By Matthew Lee, Aamer Madhani and Frank Jordans | Associated Press
GENEVA — U.S. President Joe Biden said Thursday that any Russian troop movements across Ukraine’s border would constitute an invasion and that Moscow would “pay a heavy price” for such an action.
It was the latest White House effort to clear up comments Biden made a day earlier when he suggested that a “minor incursion” by Russia into Ukrainian territory could result in a more measured response by the United States and allies.
Facing an avalanche of criticism from Republican lawmakers and Ukrainian officials that Biden’s comments had invited limited military action by Russian President Vladimir Putin, Biden sought to clarify his remarks at the start of a meeting at the White House focused on domestic policy.
“I’ve been absolutely clear with President Putin,” Biden said. “He has no misunderstanding: Any, any assembled Russian units move across the Ukrainian border, that is an invasion,” said Biden, adding that an invasion would be met with a “severe and coordinated economic response.”
His comments came as U.S. Secretary of State Antony Blinken prepared to meet Friday in Geneva with Foreign Minister Sergey Lavrov in a high-stakes bid to ease tensions that appears likely to fail.
Biden said the U.S. was preparing for Russia to take action that fell outside the parameters of conventional warfare.
“Russia has a long history of using measures other than overt military action to carry out aggression — paramilitary tactics, so-called gray zone attacks and actions by Russian soldiers not wearing Russian uniforms,” he said.
On Wednesday, Biden said he thinks Moscow will invade and warned Putin that Russia would pay a “dear price” in lives lost and a possible cutoff from the global banking system if it does.
But Biden also prompted consternation among allies by saying the response to a Russian invasion “depends on what it does.”
“It’s one thing if it’s a minor incursion and then we end up having a fight about what to do and not do, et cetera,” he said.
Ukrainian President Volodymyr Zelenskyy was among those expressing concern.
“We want to remind the great powers that there are no minor incursions and small nations. Just as there are no minor casualties and little grief from the loss of loved ones,” he tweeted.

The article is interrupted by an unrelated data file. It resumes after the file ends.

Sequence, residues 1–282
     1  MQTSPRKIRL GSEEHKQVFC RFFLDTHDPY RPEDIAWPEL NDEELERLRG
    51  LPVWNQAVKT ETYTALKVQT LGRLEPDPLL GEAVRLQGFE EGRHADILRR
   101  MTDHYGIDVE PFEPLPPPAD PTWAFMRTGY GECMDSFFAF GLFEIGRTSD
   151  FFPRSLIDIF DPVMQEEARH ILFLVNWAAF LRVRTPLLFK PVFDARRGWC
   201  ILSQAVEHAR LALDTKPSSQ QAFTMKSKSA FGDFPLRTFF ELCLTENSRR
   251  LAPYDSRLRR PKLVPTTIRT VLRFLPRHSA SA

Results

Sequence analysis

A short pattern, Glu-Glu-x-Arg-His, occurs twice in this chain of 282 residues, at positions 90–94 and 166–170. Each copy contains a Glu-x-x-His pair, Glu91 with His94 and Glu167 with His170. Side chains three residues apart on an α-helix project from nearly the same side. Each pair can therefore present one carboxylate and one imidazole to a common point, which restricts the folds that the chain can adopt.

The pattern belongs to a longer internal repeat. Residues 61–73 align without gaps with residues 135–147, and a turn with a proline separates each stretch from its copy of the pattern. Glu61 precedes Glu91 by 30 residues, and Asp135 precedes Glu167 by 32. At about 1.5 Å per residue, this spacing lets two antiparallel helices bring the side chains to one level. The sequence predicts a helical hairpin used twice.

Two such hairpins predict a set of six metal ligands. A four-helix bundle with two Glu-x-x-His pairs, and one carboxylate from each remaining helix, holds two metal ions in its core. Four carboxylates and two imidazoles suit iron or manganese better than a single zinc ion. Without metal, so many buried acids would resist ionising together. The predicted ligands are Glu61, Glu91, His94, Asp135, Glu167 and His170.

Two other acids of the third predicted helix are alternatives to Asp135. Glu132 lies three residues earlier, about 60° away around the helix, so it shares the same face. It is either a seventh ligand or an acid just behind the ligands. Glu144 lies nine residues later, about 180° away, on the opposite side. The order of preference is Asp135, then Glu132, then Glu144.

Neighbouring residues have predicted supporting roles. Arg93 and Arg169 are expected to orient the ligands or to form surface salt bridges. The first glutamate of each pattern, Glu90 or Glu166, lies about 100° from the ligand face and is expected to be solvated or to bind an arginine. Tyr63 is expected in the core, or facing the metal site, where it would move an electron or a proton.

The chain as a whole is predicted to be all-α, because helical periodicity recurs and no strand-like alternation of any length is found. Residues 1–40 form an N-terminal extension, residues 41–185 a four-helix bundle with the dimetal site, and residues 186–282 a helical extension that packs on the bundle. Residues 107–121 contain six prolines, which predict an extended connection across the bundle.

Before traveling to Geneva, Blinken warned in Berlin that there would be a “swift, severe” response from the United States and its allies if Russia sent any military forces into Ukraine.
“If any Russian military forces move across the Ukrainian border and commit new acts of aggression against Ukraine, that will be met with a swift, severe, united response from the United States and our allies and partners,” Blinken told a news conference with his German counterpart.
Later, Blinken accused Russia of threatening the foundations of world order with its buildup of an estimated 100,000 troops near Ukraine.
Russia must face a concerted and severe global response if it invades, he said in a speech in Berlin, the city that symbolized the Cold War split between East and West.
“These are difficult issues we are facing, and resolving them won’t happen quickly,” Blinken said. “I certainly don’t expect we’ll solve them in Geneva tomorrow.”
He later told an audience at the Berlin-Brandenburg Academy of Sciences that Russia’s actions toward Ukraine are an attempt to subvert international norms and just the latest in a series of violations of numerous treaties, agreements and other commitments Moscow has made to respect the sovereignty and territory of other countries.
“Perhaps no place in the world experienced the divisions of the Cold War more than this city,” Blinken said. “Here, President Kennedy declared all free people citizens of Berlin. Here, President Reagan urged Mr. Gorbachev to tear down that wall. It seems at times that President Putin wants to return to that era. We hope not.”